It’s the perfect time to assess your business’ cyber security.
A lot has changed since Cyber Security Awareness Month was launched by the US government in 2004. In 2004 cybercriminals caused a reported 68.1 million dollars of damage. Last year alone reported damages exceeded 4.2 billion dollars. Cyber crime is so prevalent now that it is imperative all businesses of all sizes take security seriously.
There are many entry points to any network to be taken advantage of. One of the most common entry points is a link or shortcut contained in an email or webpage. The link may present an unwitting user with a virus, malware or spyware disguised as something they trust. Passwords are often collected in the same way; one may receive an email from their “bank” asking to verify login credentials. When a user enters their account details, the password is captured by the attacker and oftentimes will be passed around publicly on dark web markets to fulfill other nefarious means
One third of all cyber attacks involve small to medium-sized businesses, according to Verizon’s 2020 cybersecurity report. It’s not hard to imagine, given that most don’t have in-house IT departments and most small business owners do not know how or have time to secure their networks and systems. Proper security protocols and understanding among your staff can be the difference between smooth operations and the loss of critical data and systems.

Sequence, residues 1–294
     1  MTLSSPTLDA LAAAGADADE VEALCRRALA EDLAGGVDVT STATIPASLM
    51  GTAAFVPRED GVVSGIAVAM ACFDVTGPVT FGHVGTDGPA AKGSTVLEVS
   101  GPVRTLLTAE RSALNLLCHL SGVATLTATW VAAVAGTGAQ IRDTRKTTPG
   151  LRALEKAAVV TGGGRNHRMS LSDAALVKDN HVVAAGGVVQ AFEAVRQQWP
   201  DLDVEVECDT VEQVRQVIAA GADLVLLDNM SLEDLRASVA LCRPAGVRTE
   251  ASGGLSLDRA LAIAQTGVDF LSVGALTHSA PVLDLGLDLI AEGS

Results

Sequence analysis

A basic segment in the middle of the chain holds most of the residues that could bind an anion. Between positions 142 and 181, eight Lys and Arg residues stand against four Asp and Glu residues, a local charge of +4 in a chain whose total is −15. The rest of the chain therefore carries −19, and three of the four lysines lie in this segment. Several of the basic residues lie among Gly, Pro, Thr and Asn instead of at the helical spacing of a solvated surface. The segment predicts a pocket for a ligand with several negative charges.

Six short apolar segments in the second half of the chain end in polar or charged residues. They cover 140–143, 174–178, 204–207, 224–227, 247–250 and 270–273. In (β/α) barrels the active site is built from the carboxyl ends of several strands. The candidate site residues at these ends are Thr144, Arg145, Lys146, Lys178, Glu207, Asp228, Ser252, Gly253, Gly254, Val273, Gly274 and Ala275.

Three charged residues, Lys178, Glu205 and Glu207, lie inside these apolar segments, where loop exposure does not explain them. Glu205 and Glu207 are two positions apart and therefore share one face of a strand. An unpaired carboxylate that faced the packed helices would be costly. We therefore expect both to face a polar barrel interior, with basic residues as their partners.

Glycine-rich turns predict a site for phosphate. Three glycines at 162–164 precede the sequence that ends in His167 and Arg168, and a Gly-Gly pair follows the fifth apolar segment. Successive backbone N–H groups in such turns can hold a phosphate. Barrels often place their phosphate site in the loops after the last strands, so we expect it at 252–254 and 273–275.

To best keep prying eyes away from your business’ IT Infrastructure, observe some of these safety tips this month:
- Ensure antivirus systems are in place to detect malicious files and viruses.
- Maintain a firewall to control and monitor traffic between your network and the web.
- Use a different password for everything. Use multi-factor authentication to ensure the right people have access to systems.
- Protect your password at all costs. Passwords are often lost when a user unwittingly enters their credentials into a “spoofed” login page. Passwords can then be exchanged for nefarious purposes on the dark web.
- Be careful working from home: security gaps often appear on home networks and while using work collaboration tools.
- Backup data important business data for a quick rebound in the event of a data loss incident. (and test your backups!)
- Keep important software up-to-date with patches when they are available. Patches are often released with the express purpose of filling in a hole in the software’s security measures.
In the spirit of Cyber Security Awareness Month, take some time to reflect on your business’ network defenses and action plan in case of impacted data or operations. Bad actors don’t only target large corporations, and Tech Mafia will ensure business continuity if they happen to target you.
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